Tell Me Where the Cows Are

by Kitty Boots

Long legs, tiny body, I held him and asked, "Where are my cows?" My mother looked at me and said, "Where the hell did you hear that?" (transplanted Yankee, my mom.)

I couldn't remember. Maybe at school. I talked about animals and things with my friend, Dorothy. She was a Mennonite and we skipped rope together. She lived on a farm and her family raised sheep. We used to follow her father and brothers through the pasture with buckets to catch the tails they cut off from spring lambs.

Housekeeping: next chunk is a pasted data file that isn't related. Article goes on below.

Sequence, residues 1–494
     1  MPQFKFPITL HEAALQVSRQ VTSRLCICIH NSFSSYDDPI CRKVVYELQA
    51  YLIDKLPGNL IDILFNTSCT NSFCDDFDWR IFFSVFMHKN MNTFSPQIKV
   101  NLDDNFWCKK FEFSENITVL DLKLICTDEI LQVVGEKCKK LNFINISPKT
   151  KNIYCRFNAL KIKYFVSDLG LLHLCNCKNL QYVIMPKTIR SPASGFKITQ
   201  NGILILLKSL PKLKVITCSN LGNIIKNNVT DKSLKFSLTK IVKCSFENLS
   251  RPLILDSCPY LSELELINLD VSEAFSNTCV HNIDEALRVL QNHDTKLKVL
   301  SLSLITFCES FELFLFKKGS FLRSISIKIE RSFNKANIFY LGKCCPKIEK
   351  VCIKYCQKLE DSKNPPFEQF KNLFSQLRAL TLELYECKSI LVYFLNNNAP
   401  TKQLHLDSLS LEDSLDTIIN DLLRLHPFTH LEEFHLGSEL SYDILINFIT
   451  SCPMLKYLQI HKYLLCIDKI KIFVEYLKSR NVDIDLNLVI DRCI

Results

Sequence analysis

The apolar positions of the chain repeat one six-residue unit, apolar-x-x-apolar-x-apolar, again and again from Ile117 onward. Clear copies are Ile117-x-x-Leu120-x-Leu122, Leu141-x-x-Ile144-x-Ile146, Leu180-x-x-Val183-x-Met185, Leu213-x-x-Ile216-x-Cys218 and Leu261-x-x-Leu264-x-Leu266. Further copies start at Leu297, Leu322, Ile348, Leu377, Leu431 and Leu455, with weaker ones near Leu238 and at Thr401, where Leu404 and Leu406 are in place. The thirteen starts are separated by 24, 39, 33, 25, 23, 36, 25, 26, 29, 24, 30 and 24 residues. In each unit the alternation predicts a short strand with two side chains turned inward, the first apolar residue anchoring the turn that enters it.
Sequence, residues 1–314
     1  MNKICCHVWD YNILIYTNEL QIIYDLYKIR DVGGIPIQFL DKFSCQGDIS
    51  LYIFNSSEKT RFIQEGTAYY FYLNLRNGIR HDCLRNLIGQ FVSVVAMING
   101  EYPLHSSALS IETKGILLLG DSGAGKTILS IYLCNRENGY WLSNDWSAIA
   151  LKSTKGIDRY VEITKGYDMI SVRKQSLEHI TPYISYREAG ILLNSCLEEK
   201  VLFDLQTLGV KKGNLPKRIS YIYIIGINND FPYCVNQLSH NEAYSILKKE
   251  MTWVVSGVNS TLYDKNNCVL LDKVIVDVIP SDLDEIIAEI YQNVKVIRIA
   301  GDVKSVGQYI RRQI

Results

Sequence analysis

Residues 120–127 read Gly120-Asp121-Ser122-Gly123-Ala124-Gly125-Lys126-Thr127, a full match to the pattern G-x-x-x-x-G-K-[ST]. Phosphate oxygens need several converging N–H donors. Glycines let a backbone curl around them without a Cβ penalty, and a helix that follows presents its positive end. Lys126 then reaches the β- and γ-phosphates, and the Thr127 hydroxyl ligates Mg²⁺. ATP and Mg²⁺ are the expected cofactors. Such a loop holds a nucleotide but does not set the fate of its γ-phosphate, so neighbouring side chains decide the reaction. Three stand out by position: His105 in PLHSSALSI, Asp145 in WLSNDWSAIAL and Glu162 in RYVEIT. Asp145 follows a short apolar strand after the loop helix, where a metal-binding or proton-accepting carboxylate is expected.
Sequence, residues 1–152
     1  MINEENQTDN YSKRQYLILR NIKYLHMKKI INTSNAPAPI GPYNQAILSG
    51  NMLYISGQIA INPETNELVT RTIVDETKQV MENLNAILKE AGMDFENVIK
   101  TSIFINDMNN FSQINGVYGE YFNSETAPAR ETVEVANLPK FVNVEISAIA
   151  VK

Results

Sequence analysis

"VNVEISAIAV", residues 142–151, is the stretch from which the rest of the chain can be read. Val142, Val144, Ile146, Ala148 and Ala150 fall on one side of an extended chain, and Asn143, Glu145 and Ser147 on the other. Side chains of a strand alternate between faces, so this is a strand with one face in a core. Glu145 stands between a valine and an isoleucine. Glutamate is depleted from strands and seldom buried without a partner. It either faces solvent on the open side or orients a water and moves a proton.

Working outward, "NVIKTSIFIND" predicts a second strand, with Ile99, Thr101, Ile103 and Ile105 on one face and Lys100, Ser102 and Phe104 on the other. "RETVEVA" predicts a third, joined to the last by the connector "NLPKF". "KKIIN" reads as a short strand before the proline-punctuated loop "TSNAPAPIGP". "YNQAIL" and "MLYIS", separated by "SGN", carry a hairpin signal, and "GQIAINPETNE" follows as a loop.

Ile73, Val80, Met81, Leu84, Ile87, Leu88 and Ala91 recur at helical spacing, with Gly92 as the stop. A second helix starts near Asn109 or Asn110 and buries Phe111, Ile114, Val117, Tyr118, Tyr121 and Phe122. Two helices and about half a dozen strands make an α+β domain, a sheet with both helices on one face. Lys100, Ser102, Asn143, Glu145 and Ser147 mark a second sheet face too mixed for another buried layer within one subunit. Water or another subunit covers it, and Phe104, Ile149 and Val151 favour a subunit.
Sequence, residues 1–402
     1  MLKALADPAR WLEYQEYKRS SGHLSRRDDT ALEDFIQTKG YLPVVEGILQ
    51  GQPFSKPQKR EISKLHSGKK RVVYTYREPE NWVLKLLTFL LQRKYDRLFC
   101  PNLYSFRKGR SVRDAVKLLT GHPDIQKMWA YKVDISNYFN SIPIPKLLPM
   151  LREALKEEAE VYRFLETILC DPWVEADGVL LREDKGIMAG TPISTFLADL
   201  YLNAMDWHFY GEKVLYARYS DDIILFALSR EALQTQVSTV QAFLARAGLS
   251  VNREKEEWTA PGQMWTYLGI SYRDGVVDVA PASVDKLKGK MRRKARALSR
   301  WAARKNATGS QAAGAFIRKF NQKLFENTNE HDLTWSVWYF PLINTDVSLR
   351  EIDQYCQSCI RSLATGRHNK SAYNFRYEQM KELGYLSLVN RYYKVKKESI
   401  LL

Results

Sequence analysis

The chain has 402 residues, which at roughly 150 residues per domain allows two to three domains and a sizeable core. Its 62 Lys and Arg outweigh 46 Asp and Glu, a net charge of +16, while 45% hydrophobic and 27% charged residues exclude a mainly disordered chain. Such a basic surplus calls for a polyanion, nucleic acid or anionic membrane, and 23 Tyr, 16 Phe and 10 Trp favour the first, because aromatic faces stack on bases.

Maybe Mr. Tench told me. He let me help bottle-feed orphaned calves. Greedy, noisy, they sucked like there was no tomorrow and followed you around the pasture moaning for more.

Daddy Long-Legs

They gather in clusters on my porch this time of year, make their way into the house. I'm watched when I wash dishes, take a shower. There always seems to be one in a corner. If I don't want the company, I gently tap my foot. He moves in the other direction. 

When I worked in the warehouse, Donna told me to put my tape gun in the drawer when I finished my shift, otherwise, "The Daddy Long-Legs all get over it and they get stuck."

So, I rescue them, ask them where the cows are, think of Dorothy in her dark purple dress, net cap, neat braids, and dusty lace-up boots in the playground.